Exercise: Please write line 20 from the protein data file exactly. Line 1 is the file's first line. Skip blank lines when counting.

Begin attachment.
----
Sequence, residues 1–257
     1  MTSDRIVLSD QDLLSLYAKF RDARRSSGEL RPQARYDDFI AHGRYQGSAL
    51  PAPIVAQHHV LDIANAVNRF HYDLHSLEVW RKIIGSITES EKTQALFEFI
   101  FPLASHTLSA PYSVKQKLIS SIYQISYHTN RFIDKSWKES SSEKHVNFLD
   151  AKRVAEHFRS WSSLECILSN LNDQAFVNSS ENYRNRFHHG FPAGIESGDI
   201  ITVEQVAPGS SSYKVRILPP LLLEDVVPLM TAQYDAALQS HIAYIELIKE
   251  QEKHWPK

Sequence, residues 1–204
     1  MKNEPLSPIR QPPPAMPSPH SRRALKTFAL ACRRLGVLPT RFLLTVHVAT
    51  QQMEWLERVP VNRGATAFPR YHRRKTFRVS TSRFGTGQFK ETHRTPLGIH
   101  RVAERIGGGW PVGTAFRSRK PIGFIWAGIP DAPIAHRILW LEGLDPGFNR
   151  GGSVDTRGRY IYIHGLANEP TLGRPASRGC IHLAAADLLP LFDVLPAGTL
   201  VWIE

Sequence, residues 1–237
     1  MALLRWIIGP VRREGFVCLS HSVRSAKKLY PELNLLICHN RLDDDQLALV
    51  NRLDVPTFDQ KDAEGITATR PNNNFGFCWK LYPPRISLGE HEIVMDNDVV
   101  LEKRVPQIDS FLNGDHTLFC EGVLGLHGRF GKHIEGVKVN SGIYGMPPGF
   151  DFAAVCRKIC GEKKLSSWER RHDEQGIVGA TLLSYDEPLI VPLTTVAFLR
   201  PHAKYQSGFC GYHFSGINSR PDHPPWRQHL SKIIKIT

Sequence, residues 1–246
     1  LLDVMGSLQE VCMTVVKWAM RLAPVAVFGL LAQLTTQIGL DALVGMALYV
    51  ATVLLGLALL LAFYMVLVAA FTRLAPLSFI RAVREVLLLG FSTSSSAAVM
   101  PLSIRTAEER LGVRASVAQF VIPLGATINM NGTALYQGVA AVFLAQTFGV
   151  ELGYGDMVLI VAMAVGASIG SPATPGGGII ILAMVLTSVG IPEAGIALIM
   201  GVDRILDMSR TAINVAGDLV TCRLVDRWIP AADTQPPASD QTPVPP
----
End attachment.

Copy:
Sequence, residues 1–246